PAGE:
Deborah Clarke is professor of English and women's studies at the Pennsylvania State University and author of Robbing the Mother: Women in Faulkner.

Johns Hopkins University Press

Read More Show Less

Customer Reviews

Be the first to write a review
( 0 )
Rating Distribution

5 Star

(0)

4 Star

(0)

3 Star

(0)

2 Star

(0)

1 Star

(0)

Your Rating:

Your Name: Create a Pen Name or

Barnes & Noble.com Review Rules

Our reader reviews allow you to share your comments on titles you liked, or didn't, with others. By submitting an online review, you are representing to Barnes & Noble.com that all information contained in your review is original and accurate in all respects, and that the submission of such content by you and the posting of such content by Barnes & Noble.com does not and will not violate the rights of any third party. Please follow the rules below to help ensure that your review can be posted.

Reviews by Our Customers Under the Age of 13

We highly value and respect everyone's opinion concerning the titles we offer. However, we cannot allow persons under the age of 13 to have accounts at BN.com or to post customer reviews. Please see our Terms of Use for more details.

What to exclude from your review:

Please do not write about reviews, commentary, or information posted on the product page. If you see any errors in the information on the product page, please send us an email.

Reviews should not contain any of the following:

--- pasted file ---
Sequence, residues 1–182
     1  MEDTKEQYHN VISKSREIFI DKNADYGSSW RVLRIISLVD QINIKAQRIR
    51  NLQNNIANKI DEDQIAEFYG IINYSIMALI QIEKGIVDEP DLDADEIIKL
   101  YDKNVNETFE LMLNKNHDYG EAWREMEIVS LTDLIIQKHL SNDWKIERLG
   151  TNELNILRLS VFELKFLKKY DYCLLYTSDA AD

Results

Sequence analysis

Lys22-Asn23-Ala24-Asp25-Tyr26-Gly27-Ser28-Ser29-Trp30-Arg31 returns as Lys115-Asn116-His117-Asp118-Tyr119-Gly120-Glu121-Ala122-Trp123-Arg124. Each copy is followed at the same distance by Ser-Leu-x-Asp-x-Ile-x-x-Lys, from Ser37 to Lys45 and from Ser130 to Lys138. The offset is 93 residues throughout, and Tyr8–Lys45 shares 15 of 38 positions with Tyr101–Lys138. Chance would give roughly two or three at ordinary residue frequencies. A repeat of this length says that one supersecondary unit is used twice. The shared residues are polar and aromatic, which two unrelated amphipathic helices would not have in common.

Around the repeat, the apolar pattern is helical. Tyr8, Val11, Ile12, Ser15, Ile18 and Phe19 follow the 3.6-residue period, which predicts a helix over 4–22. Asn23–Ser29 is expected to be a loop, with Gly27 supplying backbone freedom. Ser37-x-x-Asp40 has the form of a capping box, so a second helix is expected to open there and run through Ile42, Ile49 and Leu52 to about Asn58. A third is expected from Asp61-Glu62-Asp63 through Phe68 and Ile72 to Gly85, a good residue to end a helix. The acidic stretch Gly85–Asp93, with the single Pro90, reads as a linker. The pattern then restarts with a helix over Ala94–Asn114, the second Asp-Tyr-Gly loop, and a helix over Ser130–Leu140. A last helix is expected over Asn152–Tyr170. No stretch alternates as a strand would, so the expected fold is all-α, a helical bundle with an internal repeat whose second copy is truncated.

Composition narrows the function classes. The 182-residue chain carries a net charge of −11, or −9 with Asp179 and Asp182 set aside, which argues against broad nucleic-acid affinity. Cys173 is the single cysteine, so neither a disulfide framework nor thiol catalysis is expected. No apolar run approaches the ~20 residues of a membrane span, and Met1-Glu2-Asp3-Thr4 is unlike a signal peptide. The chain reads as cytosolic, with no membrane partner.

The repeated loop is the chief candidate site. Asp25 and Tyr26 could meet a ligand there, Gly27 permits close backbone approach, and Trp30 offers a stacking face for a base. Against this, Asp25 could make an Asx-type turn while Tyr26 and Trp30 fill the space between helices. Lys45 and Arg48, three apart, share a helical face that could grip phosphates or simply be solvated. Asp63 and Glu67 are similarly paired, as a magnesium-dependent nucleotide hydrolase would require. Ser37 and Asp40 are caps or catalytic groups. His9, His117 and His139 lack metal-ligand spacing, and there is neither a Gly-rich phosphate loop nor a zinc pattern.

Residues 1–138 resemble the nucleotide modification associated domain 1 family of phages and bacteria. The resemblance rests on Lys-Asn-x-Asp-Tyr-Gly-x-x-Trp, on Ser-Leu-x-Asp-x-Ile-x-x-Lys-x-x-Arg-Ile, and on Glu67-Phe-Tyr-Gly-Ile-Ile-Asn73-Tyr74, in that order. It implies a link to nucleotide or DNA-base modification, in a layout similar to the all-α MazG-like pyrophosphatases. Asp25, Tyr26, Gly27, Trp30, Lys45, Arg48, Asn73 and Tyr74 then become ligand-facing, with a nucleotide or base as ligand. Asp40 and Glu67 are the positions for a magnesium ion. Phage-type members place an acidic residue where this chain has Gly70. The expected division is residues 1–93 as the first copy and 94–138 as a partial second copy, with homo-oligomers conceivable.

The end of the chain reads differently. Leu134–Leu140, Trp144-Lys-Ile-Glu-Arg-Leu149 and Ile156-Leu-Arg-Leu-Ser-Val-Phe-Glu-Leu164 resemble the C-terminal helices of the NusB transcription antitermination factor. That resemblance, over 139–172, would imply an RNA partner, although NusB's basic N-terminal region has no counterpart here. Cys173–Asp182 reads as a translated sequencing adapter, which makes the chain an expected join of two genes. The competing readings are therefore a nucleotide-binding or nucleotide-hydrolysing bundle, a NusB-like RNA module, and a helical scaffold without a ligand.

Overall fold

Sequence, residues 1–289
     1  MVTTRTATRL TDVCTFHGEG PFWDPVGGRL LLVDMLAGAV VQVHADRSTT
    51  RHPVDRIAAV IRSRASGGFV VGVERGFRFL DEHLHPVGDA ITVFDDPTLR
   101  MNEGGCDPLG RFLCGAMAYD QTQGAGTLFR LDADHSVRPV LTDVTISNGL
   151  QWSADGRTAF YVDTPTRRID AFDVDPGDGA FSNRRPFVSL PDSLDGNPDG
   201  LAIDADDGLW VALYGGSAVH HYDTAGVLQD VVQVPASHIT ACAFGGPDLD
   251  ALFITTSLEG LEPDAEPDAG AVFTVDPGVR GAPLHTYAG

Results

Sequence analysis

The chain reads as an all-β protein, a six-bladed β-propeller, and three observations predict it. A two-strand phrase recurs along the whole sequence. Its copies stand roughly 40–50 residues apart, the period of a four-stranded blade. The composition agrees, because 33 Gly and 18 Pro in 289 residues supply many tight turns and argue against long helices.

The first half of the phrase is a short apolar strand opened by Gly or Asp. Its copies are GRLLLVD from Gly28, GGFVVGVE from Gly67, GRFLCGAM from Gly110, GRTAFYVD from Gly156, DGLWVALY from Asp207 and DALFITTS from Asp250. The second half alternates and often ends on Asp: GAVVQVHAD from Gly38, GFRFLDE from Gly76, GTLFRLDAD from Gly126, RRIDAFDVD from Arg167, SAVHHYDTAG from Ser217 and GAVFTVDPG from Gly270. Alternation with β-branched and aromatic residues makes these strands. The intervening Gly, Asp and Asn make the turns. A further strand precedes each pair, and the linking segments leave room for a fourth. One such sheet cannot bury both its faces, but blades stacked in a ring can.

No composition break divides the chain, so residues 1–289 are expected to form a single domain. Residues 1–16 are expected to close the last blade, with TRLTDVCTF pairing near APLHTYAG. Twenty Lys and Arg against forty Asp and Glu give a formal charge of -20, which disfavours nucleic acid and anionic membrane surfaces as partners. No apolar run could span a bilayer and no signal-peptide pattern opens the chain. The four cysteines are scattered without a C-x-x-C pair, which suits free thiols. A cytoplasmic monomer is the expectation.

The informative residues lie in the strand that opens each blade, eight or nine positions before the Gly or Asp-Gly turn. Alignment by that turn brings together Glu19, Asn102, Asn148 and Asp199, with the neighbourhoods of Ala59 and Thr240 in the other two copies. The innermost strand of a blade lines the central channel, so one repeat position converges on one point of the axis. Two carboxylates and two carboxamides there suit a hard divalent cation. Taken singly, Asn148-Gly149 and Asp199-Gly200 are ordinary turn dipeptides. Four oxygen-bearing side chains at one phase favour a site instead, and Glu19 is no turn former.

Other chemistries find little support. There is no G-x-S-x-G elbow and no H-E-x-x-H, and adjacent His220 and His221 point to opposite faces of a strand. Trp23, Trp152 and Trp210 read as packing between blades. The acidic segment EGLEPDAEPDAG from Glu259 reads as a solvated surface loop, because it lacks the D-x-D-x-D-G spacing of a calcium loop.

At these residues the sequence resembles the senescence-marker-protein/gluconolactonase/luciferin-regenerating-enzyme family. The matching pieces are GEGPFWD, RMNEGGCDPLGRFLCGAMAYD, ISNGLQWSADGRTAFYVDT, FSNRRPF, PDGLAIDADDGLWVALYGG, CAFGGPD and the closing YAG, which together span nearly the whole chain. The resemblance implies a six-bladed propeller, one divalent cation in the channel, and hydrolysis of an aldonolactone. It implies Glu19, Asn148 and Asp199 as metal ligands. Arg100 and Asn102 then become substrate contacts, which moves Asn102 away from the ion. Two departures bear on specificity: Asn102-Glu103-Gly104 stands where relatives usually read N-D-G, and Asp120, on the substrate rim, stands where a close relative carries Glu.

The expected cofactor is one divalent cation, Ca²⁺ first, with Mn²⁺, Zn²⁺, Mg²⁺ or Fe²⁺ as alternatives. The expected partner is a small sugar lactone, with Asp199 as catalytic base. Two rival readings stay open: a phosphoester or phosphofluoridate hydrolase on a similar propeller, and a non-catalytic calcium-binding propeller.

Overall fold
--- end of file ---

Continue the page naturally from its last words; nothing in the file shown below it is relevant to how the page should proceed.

• - HTML tags, profanity, obscenities, vulgarities, or comments that defame anyone
  • - Time-sensitive information such as tour dates, signings, lectures, etc.
  • - Single-word reviews. Other people will read your review to discover why you liked or didn't like the title. Be descriptive.
  • - Comments focusing on the author or that may ruin the ending for others
  • - Phone numbers, addresses, URLs
  • - Pricing and availability information or alternative ordering information
  • - Advertisements or commercial solicitation

Reminder:

  • - By submitting a review, you grant to Barnes & Noble.com and its sublicensees the royalty-free, perpetual, irrevocable right and license to use the review in accordance with the Barnes & Noble.com Terms of Use.
  • - Barnes & Noble.com reserves the right not to post any review -- particularly those that do not follow the terms and conditions of these Rules. Barnes & Noble.com also reserves the right to remove any review at any time without notice.
  • - See Terms of Use for other conditions and disclaimers.
Search for Products You'd Like to Recommend

Recommend other products that relate to your review. Just search for them below and share!

Create a Pen Name

Your Pen Name is your unique identity on BN.com. It will appear on the reviews you write and other website activities. Your Pen Name cannot be edited, changed or deleted once submitted.

 
Your Pen Name can be any combination of alphanumeric characters (plus - and _), and must be at least two characters long.

Continue Anonymously

    If you find inappropriate content, please report it to Barnes & Noble
    Why is this product inappropriate?
    Comments (optional)